… Fight for political supremacy begins

Governor Nyesom Wike of Rivers State is not one to hide how he feels on burning issues of national interest.

This time, the Governor is disturbed by moves being made by the National Assembly to bring matters of candidate selection within political parties under the nation’s electoral act.

Wike who embraced the decision of the Senate on Tuesday to reverse its earlier position on the electronic transmission of national election results is however uncomfortable with attempts to impose the idea of direct primaries on political parties.

The Rivers Governor posited that political parties should be allowed the freedom to choose options for selecting aspirants for office from their ranks.

According to him, such a posture by federal lawmakers could equally impede efforts by political parties to advance internal democracy.

Already, the decision to legislate on the issue is generating widespread reactions.

While some Nigerians say direct primaries might become too difficult and expensive to manage, others are arguing it would make it impossible for money bags to hijack the process of picking candidates.

Wike in his reaction has made no reference to the merit or demerits of direct primaries.

But his view that political parties may be robbed of the opportunity to decide how they want to select their respective candidates might find some support in the nation’s political space.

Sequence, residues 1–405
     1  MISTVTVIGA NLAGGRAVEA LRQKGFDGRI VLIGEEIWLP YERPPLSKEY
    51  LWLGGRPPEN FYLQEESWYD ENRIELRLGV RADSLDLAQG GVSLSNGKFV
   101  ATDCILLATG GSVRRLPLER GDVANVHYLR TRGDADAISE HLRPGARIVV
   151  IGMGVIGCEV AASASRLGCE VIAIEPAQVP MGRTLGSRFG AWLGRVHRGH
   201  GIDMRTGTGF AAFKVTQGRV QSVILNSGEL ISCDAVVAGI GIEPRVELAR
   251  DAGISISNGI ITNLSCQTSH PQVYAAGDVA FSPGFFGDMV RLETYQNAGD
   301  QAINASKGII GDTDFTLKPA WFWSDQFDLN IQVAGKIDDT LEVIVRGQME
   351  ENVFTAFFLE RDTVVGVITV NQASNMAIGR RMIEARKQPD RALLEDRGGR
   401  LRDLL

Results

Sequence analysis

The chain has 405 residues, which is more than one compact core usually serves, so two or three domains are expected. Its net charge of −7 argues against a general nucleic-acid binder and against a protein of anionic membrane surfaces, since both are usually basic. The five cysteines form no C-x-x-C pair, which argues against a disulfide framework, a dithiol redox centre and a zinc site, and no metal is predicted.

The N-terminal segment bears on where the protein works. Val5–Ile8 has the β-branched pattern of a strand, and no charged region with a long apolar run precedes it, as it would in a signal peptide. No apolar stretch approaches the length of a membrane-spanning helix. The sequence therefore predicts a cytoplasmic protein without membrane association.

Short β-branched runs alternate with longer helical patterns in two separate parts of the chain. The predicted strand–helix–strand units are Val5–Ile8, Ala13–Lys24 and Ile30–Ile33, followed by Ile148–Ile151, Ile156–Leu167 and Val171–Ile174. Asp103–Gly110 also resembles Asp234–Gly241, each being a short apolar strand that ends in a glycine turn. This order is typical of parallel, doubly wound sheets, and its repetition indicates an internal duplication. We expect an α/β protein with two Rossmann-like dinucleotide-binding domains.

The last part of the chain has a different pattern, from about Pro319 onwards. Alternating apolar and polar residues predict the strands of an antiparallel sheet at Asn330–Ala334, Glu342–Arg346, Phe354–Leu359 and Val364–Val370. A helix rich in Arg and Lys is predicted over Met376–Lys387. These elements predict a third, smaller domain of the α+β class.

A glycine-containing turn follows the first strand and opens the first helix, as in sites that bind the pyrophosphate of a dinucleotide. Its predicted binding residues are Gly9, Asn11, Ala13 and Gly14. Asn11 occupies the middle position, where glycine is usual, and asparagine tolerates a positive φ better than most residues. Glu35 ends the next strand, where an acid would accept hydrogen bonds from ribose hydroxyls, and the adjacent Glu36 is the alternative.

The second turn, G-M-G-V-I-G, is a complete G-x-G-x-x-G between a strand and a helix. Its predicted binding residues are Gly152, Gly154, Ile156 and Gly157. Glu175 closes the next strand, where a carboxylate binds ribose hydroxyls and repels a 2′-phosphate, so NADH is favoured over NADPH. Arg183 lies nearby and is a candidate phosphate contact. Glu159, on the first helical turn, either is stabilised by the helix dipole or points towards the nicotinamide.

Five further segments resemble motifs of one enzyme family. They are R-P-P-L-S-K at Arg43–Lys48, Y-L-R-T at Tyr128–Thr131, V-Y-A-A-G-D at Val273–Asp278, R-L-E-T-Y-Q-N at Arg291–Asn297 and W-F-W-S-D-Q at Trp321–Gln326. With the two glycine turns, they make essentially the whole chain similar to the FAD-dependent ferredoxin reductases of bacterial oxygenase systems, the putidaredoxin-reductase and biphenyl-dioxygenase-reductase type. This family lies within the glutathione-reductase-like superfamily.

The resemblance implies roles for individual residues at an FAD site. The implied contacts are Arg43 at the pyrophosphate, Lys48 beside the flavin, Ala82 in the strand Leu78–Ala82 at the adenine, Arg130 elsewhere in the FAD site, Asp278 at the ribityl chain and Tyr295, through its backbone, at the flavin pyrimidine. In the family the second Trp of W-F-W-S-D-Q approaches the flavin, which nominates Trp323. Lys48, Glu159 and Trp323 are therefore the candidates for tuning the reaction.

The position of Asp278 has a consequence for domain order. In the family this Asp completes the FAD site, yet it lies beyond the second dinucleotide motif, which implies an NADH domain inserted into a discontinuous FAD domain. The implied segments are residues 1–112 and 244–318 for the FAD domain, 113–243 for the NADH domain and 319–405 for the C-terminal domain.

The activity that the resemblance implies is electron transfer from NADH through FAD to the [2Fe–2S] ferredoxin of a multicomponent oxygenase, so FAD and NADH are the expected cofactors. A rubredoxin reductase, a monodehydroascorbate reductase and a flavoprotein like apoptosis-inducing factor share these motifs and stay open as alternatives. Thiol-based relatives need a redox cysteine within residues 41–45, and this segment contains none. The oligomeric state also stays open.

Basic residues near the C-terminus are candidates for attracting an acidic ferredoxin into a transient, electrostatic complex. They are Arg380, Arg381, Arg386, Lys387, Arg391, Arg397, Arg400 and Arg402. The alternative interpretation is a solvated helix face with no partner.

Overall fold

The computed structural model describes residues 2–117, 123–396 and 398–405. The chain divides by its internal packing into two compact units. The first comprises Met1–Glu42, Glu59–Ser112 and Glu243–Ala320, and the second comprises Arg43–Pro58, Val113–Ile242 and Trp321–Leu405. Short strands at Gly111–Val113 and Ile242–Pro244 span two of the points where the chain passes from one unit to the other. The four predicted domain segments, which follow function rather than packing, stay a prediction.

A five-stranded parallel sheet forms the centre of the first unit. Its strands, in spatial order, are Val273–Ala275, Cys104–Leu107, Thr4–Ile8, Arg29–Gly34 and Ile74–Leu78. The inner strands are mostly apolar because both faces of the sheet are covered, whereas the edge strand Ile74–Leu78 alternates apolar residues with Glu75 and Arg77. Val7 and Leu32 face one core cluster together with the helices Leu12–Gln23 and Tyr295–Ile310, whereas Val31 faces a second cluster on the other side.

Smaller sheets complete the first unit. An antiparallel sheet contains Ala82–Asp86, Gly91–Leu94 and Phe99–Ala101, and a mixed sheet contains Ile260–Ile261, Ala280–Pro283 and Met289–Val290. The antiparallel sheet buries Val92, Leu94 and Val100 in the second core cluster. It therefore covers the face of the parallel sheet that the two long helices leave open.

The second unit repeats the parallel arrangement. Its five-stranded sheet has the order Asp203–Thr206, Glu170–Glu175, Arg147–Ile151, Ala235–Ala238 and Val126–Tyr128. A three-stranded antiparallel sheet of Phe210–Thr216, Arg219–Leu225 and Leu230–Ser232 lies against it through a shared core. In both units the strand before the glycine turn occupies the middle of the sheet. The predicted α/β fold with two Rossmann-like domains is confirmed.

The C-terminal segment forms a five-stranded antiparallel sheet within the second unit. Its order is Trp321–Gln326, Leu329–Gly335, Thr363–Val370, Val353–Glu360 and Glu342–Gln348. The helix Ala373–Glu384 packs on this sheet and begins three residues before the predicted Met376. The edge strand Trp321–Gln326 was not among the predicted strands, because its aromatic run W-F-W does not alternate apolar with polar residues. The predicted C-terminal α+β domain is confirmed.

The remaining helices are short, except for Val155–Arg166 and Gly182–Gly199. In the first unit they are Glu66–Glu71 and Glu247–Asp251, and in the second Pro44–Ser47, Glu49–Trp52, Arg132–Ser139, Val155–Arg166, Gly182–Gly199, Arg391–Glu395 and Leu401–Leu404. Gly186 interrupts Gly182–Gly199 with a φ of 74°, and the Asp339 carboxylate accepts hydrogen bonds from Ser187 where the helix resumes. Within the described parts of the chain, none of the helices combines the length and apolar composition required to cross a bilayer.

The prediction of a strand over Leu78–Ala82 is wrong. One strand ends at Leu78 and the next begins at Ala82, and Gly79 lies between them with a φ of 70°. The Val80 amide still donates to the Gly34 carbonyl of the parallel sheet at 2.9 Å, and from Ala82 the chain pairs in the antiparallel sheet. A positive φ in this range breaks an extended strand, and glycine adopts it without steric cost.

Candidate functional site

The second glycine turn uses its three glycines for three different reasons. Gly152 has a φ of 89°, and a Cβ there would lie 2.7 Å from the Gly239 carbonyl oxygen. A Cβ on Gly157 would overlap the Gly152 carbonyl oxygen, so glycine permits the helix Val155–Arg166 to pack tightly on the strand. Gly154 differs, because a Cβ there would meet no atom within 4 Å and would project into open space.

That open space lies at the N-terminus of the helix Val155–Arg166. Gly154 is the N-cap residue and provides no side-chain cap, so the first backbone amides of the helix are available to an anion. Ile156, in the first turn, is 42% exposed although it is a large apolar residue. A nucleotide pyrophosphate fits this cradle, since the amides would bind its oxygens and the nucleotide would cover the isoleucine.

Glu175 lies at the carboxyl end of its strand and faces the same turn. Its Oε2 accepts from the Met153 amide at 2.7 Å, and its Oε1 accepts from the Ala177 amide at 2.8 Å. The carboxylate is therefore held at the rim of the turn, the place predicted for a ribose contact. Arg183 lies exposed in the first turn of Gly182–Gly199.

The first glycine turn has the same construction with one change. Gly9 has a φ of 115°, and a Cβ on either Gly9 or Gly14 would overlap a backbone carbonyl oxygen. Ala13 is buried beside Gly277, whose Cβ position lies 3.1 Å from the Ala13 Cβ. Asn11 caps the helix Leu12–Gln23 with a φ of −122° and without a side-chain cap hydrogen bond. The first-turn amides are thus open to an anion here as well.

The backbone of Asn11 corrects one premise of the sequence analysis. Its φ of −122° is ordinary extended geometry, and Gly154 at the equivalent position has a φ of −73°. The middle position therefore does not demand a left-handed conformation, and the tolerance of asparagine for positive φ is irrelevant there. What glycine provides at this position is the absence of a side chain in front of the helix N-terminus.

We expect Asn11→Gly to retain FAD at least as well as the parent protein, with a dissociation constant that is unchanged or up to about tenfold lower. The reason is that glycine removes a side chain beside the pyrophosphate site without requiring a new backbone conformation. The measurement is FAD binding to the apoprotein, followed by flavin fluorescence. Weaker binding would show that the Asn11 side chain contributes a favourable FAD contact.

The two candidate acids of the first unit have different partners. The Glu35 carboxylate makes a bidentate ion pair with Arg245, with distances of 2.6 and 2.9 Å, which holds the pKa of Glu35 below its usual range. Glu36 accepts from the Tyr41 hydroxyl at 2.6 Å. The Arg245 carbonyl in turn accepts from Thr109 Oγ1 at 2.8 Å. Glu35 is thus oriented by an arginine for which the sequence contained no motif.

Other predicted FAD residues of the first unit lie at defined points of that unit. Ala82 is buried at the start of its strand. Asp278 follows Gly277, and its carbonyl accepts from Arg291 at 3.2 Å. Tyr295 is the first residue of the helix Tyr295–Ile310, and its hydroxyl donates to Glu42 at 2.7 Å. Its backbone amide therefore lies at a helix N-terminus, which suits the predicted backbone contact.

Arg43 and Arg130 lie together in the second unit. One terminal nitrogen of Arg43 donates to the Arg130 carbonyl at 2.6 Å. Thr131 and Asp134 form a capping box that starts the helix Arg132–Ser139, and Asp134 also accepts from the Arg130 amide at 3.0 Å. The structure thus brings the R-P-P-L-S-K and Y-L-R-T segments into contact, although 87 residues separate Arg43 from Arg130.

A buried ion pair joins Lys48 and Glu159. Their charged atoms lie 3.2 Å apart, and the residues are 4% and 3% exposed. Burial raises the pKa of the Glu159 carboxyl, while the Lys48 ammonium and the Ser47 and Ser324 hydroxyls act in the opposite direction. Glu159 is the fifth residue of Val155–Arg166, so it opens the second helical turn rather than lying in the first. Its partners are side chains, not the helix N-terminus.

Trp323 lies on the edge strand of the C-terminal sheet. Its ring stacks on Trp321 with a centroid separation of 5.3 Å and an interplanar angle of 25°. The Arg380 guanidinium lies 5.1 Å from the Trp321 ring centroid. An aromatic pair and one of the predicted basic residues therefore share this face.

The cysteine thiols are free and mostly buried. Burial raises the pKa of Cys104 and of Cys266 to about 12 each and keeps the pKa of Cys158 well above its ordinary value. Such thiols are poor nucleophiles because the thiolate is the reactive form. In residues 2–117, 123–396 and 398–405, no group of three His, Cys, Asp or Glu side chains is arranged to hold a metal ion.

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There are imputations, which are unconfirmed, that lawmakers may be targeting state governors who might become invincible if the indirect mode is allowed to subsist.

Now that the Senate has acted, attention is shifting in the direction of the House of Representatives. What will the House do?

It is obvious that the committees of both chambers of the National Assembly would sit to resolve differences which may arise.

Both chambers had come under severe criticism for refusing to allow the inclusion of e-transmission of electoral results, with a former Chairman of INEC, Professor Attahiru Jega lashing out at the APC and the PDP.

Given moves which suggest a third force may be working silently behind the scene, the APC and the PDP are likely to step up their resolve to remain dominant forces on Nigeria’s political terrain.

Recall that when the decision to halt the introduction of electronic voting was taken, PDP members in parliament staged workouts in order to express their displeasure.

To avert the threat of a possible implosion, the PDP and the APC are talking increasingly about the adoption of a concensus arrangement as they head towards the conduct of their national conventions.

The PDP would be the first to hold its convention. When that happens, the nation would be watching curiously to see what the fallout is most likely to be.

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